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I'm havin problems understanding the integration law by Gauss which states:

$$\iiint\limits_{G} \operatorname{div}(\vec{w})\, dV = \iint\limits_{\partial G} \vec{w} \cdot \vec{n } \, dA$$ (I don't know how to make a double closed integral in latex).

The main confusing thing is the change of the dA in dV, for example:

Let $B = \{x\in\mathbb{R}\, |\, x_1^{2}+x_2^{2}+x_3^{2} \leq 1\}$ with vectorfield $\vec{w}(x) = (x_1^{3},x_2^{3},x_3^{3})$.

With Gauss we know see that:

$$\iiint\limits_{G} \operatorname{div}(\vec{w})\, dV = \iint\limits_{\partial G} \vec{w} \cdot \vec{n } \, dA,$$

$$\text{div}(\vec{w}) = 3(x_1^{2}+x_2^{2}+x_3^{2})$$

so using spherical coordinates we get:

$$\iiint\limits_{G} \operatorname{div} (\vec{w}) \, dV = 3 \iiint\limits_{G} r^{2}\, dV.$$

Now I thought that $dV = d\phi d\theta dr$ but if i see my answers module it's supposed to be $dV = r^{2}\sin{\theta}d\phi\, d\theta \, dr$. My question now is why is this true(especially where did the sinus come from)?

Kees

P.s: $\vec{n}$ is a normal vector which points outside/away from the sphere.

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3 Answers 3

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Whenever you make a coordinate change you need to consider how volume will change. In this case you are using spherical coordinates, therefore the usual substitution is

$$ \begin{align} x & = r \cos \theta \sin \varphi, \\ y & = r \sin \theta \sin \varphi, \\ z & = r \cos \varphi, \end{align} $$

with limits $0 \leq \theta \leq 2 \pi$ and $0 \leq \varphi \leq \pi$. The "volume element" gets changed according to the following:

$$dV = dx \,dy \, dz = \left\vert \frac{\partial (x,y,z)}{\partial (r, \theta, \varphi)} \right\vert \, dr \, d \theta \, d \varphi.$$

The number

$$\frac{\partial (x,y,z)}{\partial (r, \theta, \varphi)}$$

is called the Jacobian, it represents the determinant of the following matrix, called the Jacobian matrix:

$$ \frac{\partial (x,y,z)}{\partial (r, \theta, \varphi)} = \det \begin{vmatrix} \frac{\partial x}{\partial r} & \frac{\partial x}{\partial \theta} & \frac{\partial x}{\partial \varphi} \\ \frac{\partial y}{\partial r} & \frac{\partial y}{\partial \theta} & \frac{\partial y}{\partial \varphi} \\ \frac{\partial z}{\partial r} & \frac{\partial z}{\partial \theta} & \frac{\partial z}{\partial \varphi} \end{vmatrix}.$$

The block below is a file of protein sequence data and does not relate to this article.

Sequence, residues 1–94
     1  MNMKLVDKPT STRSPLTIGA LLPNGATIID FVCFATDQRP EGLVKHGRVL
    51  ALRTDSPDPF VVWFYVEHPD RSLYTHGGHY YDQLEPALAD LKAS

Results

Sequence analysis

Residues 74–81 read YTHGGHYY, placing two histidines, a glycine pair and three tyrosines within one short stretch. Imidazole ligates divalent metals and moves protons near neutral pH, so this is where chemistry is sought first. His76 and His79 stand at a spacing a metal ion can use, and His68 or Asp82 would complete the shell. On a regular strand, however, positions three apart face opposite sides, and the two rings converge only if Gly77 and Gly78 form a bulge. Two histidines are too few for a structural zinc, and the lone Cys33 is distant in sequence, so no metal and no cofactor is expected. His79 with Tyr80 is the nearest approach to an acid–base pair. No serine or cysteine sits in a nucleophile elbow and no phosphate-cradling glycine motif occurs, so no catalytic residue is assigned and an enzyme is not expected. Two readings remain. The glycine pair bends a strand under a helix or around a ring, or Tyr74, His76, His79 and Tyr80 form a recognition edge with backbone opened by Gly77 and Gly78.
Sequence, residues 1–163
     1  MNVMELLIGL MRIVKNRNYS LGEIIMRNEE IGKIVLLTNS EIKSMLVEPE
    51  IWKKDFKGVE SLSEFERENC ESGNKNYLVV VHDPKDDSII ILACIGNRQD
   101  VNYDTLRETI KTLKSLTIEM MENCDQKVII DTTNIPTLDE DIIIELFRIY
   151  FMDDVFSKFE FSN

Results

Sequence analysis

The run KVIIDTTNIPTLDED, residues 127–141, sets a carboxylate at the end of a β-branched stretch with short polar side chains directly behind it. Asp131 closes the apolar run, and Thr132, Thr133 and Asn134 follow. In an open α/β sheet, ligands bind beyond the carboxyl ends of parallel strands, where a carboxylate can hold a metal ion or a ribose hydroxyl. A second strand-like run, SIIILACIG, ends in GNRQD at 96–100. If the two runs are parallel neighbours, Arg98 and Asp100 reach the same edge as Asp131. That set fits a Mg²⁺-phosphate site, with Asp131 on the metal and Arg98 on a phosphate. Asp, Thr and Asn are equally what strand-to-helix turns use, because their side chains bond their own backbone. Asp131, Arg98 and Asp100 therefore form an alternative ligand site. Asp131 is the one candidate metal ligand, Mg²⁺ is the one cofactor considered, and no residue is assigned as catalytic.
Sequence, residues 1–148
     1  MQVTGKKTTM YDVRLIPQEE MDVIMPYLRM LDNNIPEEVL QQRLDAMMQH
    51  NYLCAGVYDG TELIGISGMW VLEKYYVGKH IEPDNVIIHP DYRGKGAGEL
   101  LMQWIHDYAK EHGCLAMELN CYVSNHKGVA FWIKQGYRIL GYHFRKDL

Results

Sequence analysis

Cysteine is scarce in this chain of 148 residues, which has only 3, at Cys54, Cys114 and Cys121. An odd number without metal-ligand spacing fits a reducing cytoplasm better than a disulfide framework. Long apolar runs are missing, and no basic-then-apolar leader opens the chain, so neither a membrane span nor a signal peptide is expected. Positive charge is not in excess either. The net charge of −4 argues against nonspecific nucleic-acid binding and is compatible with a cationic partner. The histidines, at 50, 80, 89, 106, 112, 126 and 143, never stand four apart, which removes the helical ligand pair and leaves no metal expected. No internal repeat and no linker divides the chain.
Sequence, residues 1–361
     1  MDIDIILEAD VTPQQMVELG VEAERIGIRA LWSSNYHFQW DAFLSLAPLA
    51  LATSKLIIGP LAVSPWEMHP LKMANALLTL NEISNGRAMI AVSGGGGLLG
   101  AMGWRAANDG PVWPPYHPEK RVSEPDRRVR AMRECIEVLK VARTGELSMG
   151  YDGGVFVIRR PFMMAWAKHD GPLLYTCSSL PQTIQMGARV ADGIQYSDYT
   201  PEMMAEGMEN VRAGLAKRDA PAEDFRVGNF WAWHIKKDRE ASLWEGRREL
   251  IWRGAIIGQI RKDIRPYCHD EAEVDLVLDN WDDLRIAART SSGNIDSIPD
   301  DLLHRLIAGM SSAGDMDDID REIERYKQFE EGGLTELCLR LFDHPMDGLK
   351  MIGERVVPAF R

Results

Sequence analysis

If you compute this you will find $ - r^2 \sin \varphi$. The negative sign means that this coordinate change performs an orientation reversal, but since we are interested in volume per se we take the absolute value.

Therefore, your triple integral becomes

$$\iiint\limits_{G} r^2 \, dV = \int_0^{2 \pi} \hspace{-5pt} \int_0^{\pi} \hspace{-5pt} \int_0^1 r^2 \cdot r^2 \sin \varphi \, dr \, d \varphi \, d \theta.$$

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The r^2 is there because the farther away from the origin you go, the larger a volume the same dr, dϕ and dθ will define. This volume will also depend on θ; sinθ is the distance to the z-axis, that is the radius of the circle a change in ϕ "moves along".

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  • $\begingroup$ hm..... I found out i forget the jacobian which is required when using substitution rules on integrals in more dimensions, i don't quite understand your explanation yet though, is it easier to understand when i draw a graph of the situation? $\endgroup$
    – Kees Til
    Feb 6, 2014 at 15:08
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    $\begingroup$ Yes the r2sinθ factor is indeed the jacobian determinant of the transformation to spherical coordinates. I tried a more intuitive explanation. If you draw or imagine the situation, you will see that the length of the curve that dϕ describes is proportional to sin θ, where as both thr lengths of the curves that are described by dθ and by dϕ are proportional to r. So the volume element is (rsin θ*dϕ)*(rdθ)*(dr). (Try to see it in your head, took me a good while back in the days :) $\endgroup$
    – Pifagor
    Feb 6, 2014 at 15:17
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You can find the volume and area elements in arbitrary coordinates just by finding the coordinate basis vectors. In most coordinate systems, these basis vectors are not unit vectors.

For example, the basis vector $\vec e_\theta$ associated with the angle from the $z$-axis is given by

$$\vec e_\theta \equiv \frac{\partial \vec r}{\partial \theta} = r \hat \theta$$

Why is it not unit? Well, imagine a curve of constant $r$ and $\phi$. As $\theta$ goes from $0$ to $\pi$, you cover a distance of $\pi r$. At larger and larger distances, this basis vector gets longer and longer.

Similarly, the basis vector $\vec e_\phi = r \sin \theta \, \hat \phi$. Finally, given that $\vec e_r = \hat r$, you can derive the volume element like so:

$$dV = \vec e_r \cdot (\vec e_\theta \times \vec e_\phi) \, dr \, d\theta \, d\phi$$

This is equivalent to using the Jacobian, but the scalar triple product emphasizes that we're looking at the volume of a parallelepiped.

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